My 140 (3.4 SE) has a 3.54 diff ratio with overdrive. These aren’t diesels - I like to keep the revs up and get the ignition timing all-in.

Yeah but again the 5th gear drops you 650 to 800 rpm…Its wonderful.
This is the problem.
We are used to 6 speed, 7 speed , 8 speed and 10 speed.
The overall perfect ratio for modern cars the last 10 years has been 6th and 2,000 rom at 70
Now its on average 1,750 at 80 ish.
3,000 rpm at 80 to4,000 depending on the ratio is ANNOYING.

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In the automatic, 1700 kg 4.2 XJ I‘m often waiting for another gear when it’s in top.
The power is definitely there and it’s turning ~3000 at 60 mph. I want a far higher ratio.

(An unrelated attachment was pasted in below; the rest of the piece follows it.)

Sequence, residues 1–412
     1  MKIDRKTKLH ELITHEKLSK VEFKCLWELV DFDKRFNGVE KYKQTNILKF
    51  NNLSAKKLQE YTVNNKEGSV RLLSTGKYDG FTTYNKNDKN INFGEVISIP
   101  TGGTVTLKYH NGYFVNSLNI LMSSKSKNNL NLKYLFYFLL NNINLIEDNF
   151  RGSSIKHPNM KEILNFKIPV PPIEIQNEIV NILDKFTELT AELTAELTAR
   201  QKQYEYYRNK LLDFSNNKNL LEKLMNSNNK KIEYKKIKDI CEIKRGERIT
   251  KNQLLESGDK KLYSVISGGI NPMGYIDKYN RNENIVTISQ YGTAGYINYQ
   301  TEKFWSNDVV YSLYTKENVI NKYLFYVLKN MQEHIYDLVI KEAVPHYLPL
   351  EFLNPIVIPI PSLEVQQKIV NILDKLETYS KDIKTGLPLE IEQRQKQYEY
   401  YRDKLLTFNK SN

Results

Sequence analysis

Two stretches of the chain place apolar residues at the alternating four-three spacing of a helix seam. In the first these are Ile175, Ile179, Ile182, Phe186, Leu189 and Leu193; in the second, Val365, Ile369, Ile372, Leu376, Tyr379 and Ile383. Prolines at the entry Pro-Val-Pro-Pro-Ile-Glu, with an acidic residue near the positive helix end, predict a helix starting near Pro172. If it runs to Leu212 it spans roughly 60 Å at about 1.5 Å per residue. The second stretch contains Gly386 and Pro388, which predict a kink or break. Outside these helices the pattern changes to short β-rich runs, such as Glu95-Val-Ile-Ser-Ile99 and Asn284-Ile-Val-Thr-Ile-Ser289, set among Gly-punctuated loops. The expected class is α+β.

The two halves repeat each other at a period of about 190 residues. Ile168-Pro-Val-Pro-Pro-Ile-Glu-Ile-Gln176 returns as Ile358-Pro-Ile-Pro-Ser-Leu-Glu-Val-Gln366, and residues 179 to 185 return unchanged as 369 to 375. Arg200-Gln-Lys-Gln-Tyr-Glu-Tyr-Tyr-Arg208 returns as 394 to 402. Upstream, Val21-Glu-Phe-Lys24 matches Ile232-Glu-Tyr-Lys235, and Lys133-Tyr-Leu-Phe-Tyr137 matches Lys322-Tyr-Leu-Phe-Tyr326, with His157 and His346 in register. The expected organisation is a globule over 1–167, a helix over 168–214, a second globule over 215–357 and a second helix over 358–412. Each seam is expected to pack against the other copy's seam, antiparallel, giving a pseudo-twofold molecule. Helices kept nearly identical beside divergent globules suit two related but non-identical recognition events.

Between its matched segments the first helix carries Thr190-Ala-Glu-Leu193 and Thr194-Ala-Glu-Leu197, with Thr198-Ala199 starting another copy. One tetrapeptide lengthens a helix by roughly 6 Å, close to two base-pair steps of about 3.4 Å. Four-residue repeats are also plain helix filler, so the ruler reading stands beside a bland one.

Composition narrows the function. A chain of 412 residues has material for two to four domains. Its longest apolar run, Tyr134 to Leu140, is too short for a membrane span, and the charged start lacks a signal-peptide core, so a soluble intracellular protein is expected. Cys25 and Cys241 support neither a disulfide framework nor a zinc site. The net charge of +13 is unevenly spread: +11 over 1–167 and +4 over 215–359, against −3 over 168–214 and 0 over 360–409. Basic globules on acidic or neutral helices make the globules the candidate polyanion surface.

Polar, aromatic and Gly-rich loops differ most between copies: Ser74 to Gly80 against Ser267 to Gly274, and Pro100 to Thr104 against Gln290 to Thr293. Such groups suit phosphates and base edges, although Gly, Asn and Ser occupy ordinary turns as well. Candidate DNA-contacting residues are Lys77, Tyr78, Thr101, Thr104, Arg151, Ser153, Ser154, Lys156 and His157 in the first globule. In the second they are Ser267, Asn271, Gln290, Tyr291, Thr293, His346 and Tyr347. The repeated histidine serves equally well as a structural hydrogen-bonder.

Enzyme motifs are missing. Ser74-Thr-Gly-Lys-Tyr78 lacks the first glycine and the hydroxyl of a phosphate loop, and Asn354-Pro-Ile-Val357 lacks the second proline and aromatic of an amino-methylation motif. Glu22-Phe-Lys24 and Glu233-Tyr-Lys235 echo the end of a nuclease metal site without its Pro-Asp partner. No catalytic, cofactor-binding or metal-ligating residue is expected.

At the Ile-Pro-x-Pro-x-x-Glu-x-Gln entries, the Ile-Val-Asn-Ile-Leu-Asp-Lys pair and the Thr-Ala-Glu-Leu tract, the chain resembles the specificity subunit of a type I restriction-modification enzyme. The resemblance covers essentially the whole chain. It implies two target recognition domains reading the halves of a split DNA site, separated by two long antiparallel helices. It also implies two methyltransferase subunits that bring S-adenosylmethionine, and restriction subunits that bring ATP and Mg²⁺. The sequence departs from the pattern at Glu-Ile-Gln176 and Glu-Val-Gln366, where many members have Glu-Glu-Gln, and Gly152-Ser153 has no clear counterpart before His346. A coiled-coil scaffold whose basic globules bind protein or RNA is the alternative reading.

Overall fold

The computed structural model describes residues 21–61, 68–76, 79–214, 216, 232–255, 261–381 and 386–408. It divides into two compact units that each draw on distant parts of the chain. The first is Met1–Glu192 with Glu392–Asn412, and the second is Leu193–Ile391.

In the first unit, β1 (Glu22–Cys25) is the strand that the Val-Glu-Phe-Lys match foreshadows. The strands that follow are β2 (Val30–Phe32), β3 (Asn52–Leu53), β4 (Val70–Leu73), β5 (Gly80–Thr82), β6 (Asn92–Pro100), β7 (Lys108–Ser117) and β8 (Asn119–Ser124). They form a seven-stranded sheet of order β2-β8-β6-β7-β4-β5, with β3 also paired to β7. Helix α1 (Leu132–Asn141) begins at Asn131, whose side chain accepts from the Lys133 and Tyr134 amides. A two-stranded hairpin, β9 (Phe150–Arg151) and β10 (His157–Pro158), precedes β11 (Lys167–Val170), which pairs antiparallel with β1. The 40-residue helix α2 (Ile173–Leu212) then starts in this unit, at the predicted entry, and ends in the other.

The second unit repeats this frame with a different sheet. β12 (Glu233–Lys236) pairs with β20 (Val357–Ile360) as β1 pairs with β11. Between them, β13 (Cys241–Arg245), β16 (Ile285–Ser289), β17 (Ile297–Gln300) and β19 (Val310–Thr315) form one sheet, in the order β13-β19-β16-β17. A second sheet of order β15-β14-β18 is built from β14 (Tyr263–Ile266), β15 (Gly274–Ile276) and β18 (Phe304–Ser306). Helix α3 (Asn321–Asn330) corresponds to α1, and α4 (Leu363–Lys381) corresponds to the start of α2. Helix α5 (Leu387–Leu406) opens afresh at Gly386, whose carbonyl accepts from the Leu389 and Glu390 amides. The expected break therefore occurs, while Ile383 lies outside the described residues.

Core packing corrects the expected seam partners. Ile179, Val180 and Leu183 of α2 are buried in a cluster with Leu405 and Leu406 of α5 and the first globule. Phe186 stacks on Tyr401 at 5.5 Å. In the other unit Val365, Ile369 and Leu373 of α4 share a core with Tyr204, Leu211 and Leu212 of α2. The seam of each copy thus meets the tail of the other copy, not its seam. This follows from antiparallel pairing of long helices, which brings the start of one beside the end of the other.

3.54 must be too high if you do long distances and there’s always 2nd and 3rd for 20 mph zones.

My W203 Mercedes turns 2100 at 60 (not unlike the numbers for the 2.88), finally runs out of breath at ~5100, that’s just under 250 kph and the engine is definitely weaker than the XK. It’s a 4 cylinder. Just fine. I don’t see how the 2.88 could be too high unless you have really steep hills.

it is not black-3.54 or white 2.88…there are diff ratios in the 2.92, 3.07, 3.09 range. Play with those with your tire diam. I am one to like 2,000 rpm at 60-65 in 4th. Nick

But he has black and white in the shed, both rebuilt (the envy) and as it is I think he should try the 2.88. Guess he is the first one to try that ratio on an XK with a 4.2.